Hedge funds cash in as Sirius shares tumble: FCA under pressure as potash miner crashes 

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Hedge funds cash in as Sirius shares tumble: Blow to plan to build the world’s biggest Potash mine in Yorkshire hits jobs and 85,000 small investors

Hedge funds banked millions of pounds yesterday as shares in the company trying to build a fertiliser mine under the North York Moors nosedived.

Sirius Minerals’ stock crashed by as much as 79 per cent after it was forced to abandon a £403million fundraising and revealed it has enough cash to survive for only six months.

The miner also asked the Government for support by guaranteeing loans of up to £804million but this was turned down, leaving it struggling to stay afloat and putting 1,200 jobs at risk.

Shares crash: Sirius Minerals' founder and chief executive Chris Fraser at the site of the firm's planned fertiliser mine under the North York Moors

 Shares crash: Sirius Minerals’ founder and chief executive Chris Fraser at the site of the firm’s planned fertiliser mine under the North York Moors

More than 6 per cent of its stock was on loan to short-selling hedge funds, which bet on its troubles increasing and the value of its shares falling.

Last night they closed down 53.3 per cent, or 5.33p, at 4.67p, which meant short-sellers could have pocketed as much as £20million.

But the firms betting that Sirius would suffer, which include Citadel Europe, HBK Investments, Highbridge Capital Management and Polygon Global Partners, have targeted it since at least August, and are likely to have banked much more.

About 85,000 retail investors – many of whom live close to the mine – will have lost out from the share price plunge.

And Sirius could now face a probe from City regulator the Financial Conduct Authority (FCA), after its share price fell 10.5 per cent on Monday – the day before it released the dire update.

The FCA, which declined to comment last night, often investigates whether there was any suspicious activity or foul play when a company’s share price falls or rises significantly before a major announcement. Sirius declined to comment on the move.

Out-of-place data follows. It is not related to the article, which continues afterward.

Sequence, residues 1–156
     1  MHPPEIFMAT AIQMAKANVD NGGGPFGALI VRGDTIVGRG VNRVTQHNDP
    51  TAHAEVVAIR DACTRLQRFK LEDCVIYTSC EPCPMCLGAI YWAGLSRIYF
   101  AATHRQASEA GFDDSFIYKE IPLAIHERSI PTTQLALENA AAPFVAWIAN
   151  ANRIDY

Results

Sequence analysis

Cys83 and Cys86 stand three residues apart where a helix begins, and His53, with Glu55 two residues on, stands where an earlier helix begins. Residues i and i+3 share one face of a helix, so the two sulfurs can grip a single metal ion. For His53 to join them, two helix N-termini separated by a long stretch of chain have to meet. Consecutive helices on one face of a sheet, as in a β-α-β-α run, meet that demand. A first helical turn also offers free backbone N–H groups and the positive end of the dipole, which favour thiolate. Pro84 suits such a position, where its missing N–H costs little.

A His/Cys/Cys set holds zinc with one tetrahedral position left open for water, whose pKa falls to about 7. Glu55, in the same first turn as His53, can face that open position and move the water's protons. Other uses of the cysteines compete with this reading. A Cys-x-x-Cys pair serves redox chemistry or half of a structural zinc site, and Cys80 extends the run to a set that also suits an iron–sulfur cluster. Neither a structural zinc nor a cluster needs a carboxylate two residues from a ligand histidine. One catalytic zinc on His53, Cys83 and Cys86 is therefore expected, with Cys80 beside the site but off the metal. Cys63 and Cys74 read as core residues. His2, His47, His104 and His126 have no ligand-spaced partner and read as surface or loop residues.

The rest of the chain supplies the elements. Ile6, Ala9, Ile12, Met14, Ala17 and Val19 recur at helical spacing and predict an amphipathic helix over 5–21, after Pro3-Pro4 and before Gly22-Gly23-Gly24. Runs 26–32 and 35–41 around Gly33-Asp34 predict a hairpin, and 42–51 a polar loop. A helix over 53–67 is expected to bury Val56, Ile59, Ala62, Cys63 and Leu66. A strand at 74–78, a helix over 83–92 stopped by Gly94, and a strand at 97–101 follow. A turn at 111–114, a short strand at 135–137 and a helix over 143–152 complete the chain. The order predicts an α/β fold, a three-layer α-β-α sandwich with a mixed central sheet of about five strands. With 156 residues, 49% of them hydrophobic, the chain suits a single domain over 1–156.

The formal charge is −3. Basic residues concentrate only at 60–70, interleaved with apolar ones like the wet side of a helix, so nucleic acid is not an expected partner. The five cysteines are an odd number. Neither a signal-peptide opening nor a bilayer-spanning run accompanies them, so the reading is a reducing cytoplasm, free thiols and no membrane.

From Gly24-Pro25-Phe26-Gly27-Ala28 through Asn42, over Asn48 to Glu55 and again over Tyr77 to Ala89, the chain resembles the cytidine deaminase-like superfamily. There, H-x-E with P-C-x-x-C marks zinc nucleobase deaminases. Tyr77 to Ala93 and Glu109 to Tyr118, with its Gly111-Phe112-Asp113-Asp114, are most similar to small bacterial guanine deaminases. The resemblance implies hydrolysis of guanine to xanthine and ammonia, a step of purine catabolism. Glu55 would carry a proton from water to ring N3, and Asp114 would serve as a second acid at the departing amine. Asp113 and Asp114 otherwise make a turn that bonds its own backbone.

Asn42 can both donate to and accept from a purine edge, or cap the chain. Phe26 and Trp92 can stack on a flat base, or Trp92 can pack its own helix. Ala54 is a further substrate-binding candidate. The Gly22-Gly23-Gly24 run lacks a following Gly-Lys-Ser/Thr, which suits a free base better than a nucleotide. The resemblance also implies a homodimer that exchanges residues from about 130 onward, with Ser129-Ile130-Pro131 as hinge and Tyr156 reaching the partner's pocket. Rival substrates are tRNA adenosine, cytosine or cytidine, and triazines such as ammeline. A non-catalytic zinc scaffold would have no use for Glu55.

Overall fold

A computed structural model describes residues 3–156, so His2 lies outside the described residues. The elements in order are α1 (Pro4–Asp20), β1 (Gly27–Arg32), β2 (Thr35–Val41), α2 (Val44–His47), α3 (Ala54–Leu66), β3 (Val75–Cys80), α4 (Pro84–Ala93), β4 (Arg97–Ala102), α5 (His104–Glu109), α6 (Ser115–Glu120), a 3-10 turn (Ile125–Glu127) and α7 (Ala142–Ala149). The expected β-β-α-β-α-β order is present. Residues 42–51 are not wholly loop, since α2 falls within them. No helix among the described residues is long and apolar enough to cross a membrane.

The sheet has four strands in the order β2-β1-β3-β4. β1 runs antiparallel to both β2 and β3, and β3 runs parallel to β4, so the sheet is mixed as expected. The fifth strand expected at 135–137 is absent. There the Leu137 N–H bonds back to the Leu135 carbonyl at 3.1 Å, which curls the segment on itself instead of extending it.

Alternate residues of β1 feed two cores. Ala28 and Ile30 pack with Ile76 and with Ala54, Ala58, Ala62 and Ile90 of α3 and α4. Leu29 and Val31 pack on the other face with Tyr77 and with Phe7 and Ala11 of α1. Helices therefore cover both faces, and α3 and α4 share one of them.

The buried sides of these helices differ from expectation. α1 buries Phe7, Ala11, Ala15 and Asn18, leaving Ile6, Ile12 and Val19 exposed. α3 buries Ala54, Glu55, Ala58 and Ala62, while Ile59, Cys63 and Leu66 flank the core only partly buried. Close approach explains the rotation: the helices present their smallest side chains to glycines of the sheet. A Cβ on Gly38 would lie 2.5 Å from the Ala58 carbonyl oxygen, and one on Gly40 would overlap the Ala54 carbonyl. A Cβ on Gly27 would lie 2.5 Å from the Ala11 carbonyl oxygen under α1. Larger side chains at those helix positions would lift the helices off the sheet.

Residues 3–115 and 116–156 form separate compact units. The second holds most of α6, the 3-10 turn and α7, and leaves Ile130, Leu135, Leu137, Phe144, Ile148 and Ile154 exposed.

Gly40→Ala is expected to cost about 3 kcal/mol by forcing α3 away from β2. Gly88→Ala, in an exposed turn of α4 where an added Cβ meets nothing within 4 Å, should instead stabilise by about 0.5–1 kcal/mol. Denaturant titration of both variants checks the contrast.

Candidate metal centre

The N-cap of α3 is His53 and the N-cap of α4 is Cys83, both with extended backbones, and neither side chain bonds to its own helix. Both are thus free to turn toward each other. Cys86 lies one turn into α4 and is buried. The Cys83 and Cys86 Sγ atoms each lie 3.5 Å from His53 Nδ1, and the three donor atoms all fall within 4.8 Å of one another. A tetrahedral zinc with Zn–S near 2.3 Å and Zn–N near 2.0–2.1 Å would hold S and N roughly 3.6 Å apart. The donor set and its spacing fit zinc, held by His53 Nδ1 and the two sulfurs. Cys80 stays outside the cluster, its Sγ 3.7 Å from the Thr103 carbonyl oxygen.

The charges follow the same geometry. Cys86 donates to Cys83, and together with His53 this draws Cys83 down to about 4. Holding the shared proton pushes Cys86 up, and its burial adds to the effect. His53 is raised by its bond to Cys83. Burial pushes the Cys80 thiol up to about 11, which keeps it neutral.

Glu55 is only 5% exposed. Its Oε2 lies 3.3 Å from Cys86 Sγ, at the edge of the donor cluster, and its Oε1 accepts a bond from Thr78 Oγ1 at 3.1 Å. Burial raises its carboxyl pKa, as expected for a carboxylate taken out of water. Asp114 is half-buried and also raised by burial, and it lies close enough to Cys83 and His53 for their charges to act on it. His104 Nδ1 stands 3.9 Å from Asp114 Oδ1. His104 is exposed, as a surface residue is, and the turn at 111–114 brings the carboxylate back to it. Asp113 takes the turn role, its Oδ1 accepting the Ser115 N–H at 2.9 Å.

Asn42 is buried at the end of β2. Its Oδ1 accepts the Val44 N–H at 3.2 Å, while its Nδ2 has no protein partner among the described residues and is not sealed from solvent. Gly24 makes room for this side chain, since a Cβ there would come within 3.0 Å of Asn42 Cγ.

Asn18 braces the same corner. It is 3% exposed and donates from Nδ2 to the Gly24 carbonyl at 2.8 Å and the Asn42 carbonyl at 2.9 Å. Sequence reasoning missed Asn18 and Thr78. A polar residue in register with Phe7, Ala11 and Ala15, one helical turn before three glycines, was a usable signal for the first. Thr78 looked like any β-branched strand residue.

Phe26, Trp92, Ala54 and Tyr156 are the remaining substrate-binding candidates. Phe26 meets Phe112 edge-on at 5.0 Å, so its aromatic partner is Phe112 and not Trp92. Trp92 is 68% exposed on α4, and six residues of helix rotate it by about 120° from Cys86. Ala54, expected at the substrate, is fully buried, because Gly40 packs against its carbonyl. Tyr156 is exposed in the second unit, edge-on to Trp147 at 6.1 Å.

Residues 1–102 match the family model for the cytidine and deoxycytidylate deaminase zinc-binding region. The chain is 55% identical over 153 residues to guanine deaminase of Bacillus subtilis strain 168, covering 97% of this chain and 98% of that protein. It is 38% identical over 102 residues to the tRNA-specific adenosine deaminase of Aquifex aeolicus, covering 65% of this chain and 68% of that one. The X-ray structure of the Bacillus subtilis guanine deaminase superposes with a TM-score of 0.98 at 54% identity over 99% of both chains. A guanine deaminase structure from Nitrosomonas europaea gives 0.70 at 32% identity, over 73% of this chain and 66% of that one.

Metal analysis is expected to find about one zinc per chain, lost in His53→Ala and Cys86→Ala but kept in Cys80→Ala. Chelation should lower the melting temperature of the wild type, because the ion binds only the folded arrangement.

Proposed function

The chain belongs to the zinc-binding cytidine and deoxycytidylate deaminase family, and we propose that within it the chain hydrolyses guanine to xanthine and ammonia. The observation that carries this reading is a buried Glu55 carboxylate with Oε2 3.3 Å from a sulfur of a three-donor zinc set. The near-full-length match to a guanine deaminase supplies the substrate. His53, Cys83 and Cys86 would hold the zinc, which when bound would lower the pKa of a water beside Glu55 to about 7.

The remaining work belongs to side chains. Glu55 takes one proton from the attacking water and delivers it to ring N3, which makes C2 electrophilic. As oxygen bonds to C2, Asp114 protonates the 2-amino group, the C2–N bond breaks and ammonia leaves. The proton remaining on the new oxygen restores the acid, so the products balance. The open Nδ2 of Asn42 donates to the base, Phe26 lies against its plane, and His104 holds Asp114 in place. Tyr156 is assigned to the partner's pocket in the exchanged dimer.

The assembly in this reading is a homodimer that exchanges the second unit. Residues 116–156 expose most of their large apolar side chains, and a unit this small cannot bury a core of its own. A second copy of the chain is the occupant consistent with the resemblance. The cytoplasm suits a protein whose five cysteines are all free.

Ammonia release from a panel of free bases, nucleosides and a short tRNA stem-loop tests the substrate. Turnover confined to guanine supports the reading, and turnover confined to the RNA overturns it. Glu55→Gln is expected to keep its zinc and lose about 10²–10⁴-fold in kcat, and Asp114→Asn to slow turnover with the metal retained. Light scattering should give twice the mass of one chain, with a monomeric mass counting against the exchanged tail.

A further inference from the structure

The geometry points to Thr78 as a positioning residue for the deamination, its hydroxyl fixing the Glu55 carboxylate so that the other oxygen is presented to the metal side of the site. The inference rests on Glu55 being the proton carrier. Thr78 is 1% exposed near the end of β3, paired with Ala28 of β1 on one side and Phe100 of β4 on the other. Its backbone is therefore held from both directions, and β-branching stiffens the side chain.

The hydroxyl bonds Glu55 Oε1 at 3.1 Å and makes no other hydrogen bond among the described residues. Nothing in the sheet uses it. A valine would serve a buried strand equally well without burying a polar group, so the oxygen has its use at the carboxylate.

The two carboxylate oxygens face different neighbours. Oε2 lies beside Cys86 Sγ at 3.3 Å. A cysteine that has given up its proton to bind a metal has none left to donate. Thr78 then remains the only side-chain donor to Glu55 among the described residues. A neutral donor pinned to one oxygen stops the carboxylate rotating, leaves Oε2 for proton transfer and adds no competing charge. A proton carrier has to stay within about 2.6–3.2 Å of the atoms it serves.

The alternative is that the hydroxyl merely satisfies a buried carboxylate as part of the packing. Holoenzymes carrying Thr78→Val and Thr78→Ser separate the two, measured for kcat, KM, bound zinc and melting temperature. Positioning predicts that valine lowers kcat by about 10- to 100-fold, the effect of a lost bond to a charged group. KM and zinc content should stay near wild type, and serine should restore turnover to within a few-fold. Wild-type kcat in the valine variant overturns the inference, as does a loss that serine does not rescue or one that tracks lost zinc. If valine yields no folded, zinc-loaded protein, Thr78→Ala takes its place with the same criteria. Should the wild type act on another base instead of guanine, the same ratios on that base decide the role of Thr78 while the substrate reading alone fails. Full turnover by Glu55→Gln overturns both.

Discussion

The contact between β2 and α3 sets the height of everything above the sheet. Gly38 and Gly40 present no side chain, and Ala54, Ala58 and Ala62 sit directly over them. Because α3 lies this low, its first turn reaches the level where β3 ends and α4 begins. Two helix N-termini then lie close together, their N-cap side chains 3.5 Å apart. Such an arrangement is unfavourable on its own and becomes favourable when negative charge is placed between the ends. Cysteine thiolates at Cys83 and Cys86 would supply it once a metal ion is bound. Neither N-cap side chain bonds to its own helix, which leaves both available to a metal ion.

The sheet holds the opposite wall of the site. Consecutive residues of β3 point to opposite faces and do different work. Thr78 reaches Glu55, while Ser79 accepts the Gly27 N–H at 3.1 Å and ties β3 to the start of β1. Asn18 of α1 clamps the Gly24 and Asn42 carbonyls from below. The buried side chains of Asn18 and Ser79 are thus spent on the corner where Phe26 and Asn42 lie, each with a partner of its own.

It released the update alongside half-year results that covered the six months to the end of June.

However, neither the update nor the results had been scheduled, meaning investors did not know they were coming.

Sirius is building a deep mine to extract polyhalite, a fertiliser to spread on crops. The deposit it will tap into was formed in rock more than 1,000m below North Yorkshire and the North Sea.

Sirius estimates there are 2.6bn tons it can extract – enough for 100 years of mining.

But it warned last month it would run out of cash later this year if it could not secure £403million through a bond issue. 

It has now scrapped the bond, in part blaming Brexit uncertainty hitting investors’ appetite for British stocks. 

Founder and chief executive Chris Fraser said: ‘Anything to do with the UK and major capital projects is a big challenge for any financing.’

The bond was crucial to the future of the Woodsmith mine, as it would have unlocked another £2billion worth of funding as an overdraft from JP Morgan. 

Sirius also has to pay back £322million it raised earlier this year – another financial hurdle. This means it has raised only £322million of the £3billion it needs to get the mine going.

Sirius said it has £180million in the bank to see it through the next six months, during which it will slow down construction at Woodsmith and review how it can secure more cash.

The most likely outcome is thought to be tring to bring in another major investor, which would probably dilute the stake that current investors hold.

Its backers already include the Qatar Investment Authority and Gina Rinehart, Australia’s richest woman. 

Sirius is due to start digging in 2021 and expects to reach peak production, extracting 20m tons a year, by 2026.

Graham Spooner, investment research analyst at The Share Centre, said: ‘Investors will fear for the future of the mine and remain cognisant that the recent history of mining in the UK has been littered with failures.’

 

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